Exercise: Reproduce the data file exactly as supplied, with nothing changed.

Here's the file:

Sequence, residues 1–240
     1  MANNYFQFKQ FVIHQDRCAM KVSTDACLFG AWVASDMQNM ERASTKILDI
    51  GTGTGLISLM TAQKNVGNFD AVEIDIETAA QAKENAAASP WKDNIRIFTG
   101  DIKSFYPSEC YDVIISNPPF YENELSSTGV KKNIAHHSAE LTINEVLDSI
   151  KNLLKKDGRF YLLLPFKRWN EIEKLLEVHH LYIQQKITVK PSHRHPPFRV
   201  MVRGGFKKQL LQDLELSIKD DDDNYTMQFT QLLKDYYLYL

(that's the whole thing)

Sequence, residues 1–240
     1  MANNYFQFKQ FVIHQDRCAM KVSTDACLFG AWVASDMQNM ERASTKILDI
    51  GTGTGLISLM TAQKNVGNFD AVEIDIETAA QAKENAAASP WKDNIRIFTG
   101  DIKSFYPSEC YDVIISNPPF YENELSSTGV KKNIAHHSAE LTINEVLDSI
   151  KNLLKKDGRF YLLLPFKRWN EIEKLLEVHH LYIQQKITVK PSHRHPPFRV
   201  MVRGGFKKQL LQDLELSIKD DDDNYTMQFT QLLKDYYLYL